Soft US jobs data helps lift stocks


The Associated Press

LONDON (AP) — Softer than anticipated U.S. jobs data helped rein in market expectations of an interest rate increase from the Federal Reserve in the next few months, helping to shore up stock markets on Friday. Following the data, European stocks advanced while Wall Street futures clambered off lows.

KEEPING SCORE: In Europe, most stock markets had been trading deep in the red up until the monthly nonfarm payrolls report, but soon recouped most of their losses after the release. Britain’s FTSE 100 index was down 0.4 percent at 6,850 while France’s CAC 40 fell 0.1 percent to 4,491. Germany’s DAX was actually 0.3 percent higher at 9,751. Dow futures and the broader S&P 500 futures were only down 0.1 percent. Both had been sharply lower earlier in the European session.

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SOFT PAYROLLS: As is often the case, the monthly nonfarm payrolls data can change the mood in markets. And it was no different on this occasion after the Labor Department reported that U.S. employers added just 142,000 jobs in August, snapping a six-month streak of hiring above 200,000. Though the unemployment rate fell to 6.1 percent from 6.2 percent, investors responded positively to the overall weakness in the headline payrolls number because it may delay the day when the Fed starts raising interest rates. The Fed will soon be finished with its monetary stimulus, stoking talk of a rate increase.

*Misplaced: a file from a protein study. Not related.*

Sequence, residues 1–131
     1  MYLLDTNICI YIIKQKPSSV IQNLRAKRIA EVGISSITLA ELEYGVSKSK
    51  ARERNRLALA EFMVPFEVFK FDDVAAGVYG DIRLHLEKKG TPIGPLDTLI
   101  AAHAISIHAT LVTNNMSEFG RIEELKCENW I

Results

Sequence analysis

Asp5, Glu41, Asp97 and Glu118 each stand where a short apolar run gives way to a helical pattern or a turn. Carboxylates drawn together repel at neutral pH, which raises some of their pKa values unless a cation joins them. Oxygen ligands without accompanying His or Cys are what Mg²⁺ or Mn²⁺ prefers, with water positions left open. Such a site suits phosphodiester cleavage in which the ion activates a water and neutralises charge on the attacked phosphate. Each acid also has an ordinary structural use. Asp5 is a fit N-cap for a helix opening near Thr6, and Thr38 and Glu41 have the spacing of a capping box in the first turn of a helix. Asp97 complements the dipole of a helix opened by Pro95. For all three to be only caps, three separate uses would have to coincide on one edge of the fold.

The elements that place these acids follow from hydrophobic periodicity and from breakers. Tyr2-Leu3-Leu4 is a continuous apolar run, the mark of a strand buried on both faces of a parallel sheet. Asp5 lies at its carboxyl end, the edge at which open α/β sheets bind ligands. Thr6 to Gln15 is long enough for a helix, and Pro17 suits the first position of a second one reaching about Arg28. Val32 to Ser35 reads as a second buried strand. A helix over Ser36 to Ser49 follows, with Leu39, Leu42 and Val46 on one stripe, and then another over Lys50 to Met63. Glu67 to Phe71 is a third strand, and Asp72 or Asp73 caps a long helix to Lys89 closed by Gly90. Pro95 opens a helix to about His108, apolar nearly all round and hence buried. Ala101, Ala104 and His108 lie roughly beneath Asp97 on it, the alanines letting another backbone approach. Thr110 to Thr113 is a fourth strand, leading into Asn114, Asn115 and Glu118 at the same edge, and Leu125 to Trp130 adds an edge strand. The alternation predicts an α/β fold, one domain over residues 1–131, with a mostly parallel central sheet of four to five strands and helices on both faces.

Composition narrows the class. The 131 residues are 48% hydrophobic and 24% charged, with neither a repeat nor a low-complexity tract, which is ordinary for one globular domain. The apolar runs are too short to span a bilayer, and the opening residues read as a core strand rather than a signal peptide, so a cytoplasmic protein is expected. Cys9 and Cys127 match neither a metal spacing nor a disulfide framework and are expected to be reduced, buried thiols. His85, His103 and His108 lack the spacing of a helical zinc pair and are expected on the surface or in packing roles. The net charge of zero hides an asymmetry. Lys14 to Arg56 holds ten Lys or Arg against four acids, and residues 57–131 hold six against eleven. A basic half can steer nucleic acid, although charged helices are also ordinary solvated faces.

ANALYST TAKE: “A very disappointing employment report is going to make life a lot easier for Janet Yellen and the more dovish wing at the Fed,” said Alan Ruskin, an analyst at Deutsche Bank.

UKRAINE CEASE-FIRE: Traders are also keeping a close watch on developments in the Belarus capital of Minsk as talks are expected to bring a much-anticipated cease-fire to the fighting in eastern Ukraine. The crisis in Ukraine has been a key geopolitical worry in markets over the past few months. Ukrainian President Petro Poroshenko has said he would sign a cease-fire if negotiators reached an agreement. The rebels also promised to declare a truce if a political settlement for the mostly Russian-speaking region is signed.

CURRENCIES: A day after the euro tanked after the European Central Bank surprised markets by cutting interest rates and enacting a new stimulus program, Europe’s single currency settled somewhat, trading up 0.1 percent on the day at $1.2973. On Thursday, the euro fell to a 14-month low of $1.2920. The dollar was at 105.22 yen after rising as high as 105.71 yen, the highest level since October 2008, from 105.38 in late trading Thursday. The euro was near a 14-month low of $1.2946 from $1.2937.

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ASIA’S DAY: Regional benchmarks were mixed, with Japan’s Nikkei 225 index ending less than 0.1 percent lower at 15,668.68. South Korea’s Kospi dipped 0.3 percent to 2,049.41 and Hong Kong’s Hang Seng shed 0.2 percent to 25,240.15. In mainland China, the Shanghai Composite Index rose 0.9 percent to 2,326.43. Australia’s S&P/ASX 200 lost 0.6 percent to 5,598.70.

ENERGY: The price of oil stabilized after slumping on a report that U.S. supplies fell less than expected last week. Benchmark crude oil was down 29 cents to $94.28 a barrel in electronic trading on the New York Stock Exchange after falling $1.09 on Thursday.